Running Research: Deep Water Running

By on November 15, 2013

Deep water running is often completed when a runner is injured or when a runner wants to take up cross training and freshen up the legs for harder workouts. If you haven’t done it, it involves getting a running vest (commonly known as an aqua jogger). It actually can be a refreshing change of pace to cross training and a way to keep the legs fresh.

How to help your training: The 11 subjects were able to maintain their cardiovascular fitness over about a month for a 5K (3 miles). Use this as a taper or cross training workout to keep legs fresh but maintain your fitness. This is a great option if you are having little nagging pain with shin splints, plantar fasciitis, or heel problems. Pick an area such as arms, knee lift or kick through every 10 minutes when in the pool to keep focused.

My experience: I have found aqua jogging to be a nice change of pace from the pounding of the pavement if I am training for 5K-10K races or need to have fresh legs from a race. It definitely has been beneficial if I am injured. It is best to try it out before a workout to see how your legs adjust. Some people may feel flat the next day. As an FYI, hot water can drain the legs and leave you with that tired feeling. I have found that after doing this for an extended period (a few weeks), i get the “chest burning” after returning to regular running workouts, especially with cold weather.

Effect of 4 wk of deep water run training on running performance.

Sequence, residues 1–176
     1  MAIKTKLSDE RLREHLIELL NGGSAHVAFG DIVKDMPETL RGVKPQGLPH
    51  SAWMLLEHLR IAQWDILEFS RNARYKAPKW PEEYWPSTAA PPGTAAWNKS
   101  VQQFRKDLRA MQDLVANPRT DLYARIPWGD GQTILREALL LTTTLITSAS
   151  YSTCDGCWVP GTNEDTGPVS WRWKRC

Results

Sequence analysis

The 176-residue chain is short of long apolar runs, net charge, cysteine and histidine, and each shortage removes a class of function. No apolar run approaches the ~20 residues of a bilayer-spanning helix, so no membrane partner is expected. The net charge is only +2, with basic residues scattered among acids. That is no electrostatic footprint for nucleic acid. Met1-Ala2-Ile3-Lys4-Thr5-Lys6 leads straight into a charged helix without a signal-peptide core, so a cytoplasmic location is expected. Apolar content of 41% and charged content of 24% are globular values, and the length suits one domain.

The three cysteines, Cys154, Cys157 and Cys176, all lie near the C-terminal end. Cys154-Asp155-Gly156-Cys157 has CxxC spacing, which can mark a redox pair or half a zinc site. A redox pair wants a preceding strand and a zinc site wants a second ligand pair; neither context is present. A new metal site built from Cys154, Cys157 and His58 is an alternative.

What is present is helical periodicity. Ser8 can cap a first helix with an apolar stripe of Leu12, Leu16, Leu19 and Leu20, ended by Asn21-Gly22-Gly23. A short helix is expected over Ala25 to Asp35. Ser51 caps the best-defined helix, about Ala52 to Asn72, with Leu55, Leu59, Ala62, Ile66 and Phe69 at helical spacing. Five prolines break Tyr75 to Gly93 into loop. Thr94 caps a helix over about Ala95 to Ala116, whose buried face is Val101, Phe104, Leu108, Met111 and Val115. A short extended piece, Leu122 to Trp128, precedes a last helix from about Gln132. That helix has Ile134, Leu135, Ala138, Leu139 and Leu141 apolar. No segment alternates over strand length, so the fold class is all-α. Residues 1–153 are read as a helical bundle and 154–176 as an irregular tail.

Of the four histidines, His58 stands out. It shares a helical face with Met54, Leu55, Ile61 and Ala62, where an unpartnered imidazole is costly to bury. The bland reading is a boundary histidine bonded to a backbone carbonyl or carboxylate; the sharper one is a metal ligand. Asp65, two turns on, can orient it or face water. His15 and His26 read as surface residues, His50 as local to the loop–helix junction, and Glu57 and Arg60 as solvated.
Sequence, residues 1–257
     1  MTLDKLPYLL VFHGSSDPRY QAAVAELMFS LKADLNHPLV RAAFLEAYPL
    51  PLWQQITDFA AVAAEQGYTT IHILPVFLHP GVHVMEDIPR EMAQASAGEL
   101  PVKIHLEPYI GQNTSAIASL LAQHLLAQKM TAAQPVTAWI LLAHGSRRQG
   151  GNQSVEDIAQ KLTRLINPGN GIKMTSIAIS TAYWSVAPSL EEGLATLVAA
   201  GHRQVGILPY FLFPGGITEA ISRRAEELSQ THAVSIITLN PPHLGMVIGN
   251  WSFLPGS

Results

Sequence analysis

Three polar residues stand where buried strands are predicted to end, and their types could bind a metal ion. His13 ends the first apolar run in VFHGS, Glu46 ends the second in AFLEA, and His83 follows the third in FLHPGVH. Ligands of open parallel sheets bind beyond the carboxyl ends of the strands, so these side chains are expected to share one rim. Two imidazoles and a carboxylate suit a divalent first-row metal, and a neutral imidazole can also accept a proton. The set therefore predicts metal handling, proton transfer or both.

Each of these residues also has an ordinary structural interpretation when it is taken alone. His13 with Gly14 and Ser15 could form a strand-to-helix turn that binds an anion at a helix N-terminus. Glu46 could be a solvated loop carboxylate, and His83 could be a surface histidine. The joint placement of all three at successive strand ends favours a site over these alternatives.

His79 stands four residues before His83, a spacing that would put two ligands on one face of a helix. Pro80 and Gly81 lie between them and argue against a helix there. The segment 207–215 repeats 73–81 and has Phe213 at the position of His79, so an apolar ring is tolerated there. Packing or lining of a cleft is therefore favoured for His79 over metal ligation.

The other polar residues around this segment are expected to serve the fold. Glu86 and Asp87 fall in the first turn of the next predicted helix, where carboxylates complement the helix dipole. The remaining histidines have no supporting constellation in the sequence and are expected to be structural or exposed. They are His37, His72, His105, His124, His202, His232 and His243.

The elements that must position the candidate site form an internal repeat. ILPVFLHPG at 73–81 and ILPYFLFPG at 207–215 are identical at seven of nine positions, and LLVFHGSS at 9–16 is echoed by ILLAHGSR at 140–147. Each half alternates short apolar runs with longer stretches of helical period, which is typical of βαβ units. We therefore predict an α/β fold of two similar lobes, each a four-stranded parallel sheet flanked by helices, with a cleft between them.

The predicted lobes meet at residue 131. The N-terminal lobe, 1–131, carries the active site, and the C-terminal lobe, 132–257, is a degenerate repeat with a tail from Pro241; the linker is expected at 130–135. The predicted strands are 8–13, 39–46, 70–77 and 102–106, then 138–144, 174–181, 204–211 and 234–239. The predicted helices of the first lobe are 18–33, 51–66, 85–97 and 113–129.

Med Sci Sports Exerc. 1997 May;29(5):694-9.

Source

Department Health Promotion and Human Performance, University of Toledo, OH, USA. bab679f@wpgate.smsu.edu

Abstract

The purpose of this study was to determine whether trained competitive runners could maintain on-land running performance using 4 wk of deep water run training instead of on-land training. Eleven well-trained competitive runners (10 males, 1 female; ages, 32.5 +/- 5.4 yr; height, 179.8 +/- 9.3 cm; weight, 70.4 +/- 6.7 kg (mean +/- SD)) trained exclusively using deep water run training for 4 wk. Subjects trained 5-6 d.wk-1 for a total of 20-24 sessions (mean +/- SD, 22 +/- 1.5 sessions). Instruction and practice sessions were conducted prior to the training period. Before and after the deep water run training, subjects completed a 5-km race on the treadmill using a computer based system, a submaximal run at the same absolute workload to assess running economy, and a combined lactate threshold and maximal oxygen consumption test. No significant differences were found for (mean +/- SEM): 5-km run time (pre, 1142.7 +/- 39.5 s; post, 1149.8 +/- 36.9 s; P = 0.28), submaximal oxygen consumption (pre 44.8 +/- 1.2 mL.kg-1.min-1; post, 45.3 +/- 1.5 mL.kg-1.min-1; P = 0.47), lactate threshold running velocity (pre, 249.1 +/- 0.9 m.min-1; post, 253.6 +/- 6.3 m.min-1; P = 0.44), or maximal oxygen consumption (pre, 63.4 +/- 1.3 mL.kg-1.min-1; post, 62.2 +/- 1.3 mL.kg-1.min-1; P = 0.11). Also no differences were found among Global Mood State pre-training, each week during training, and post-training. Competitive distance runners maintained running performance using 4 wk of deep water run training as a replacement for on-land training.

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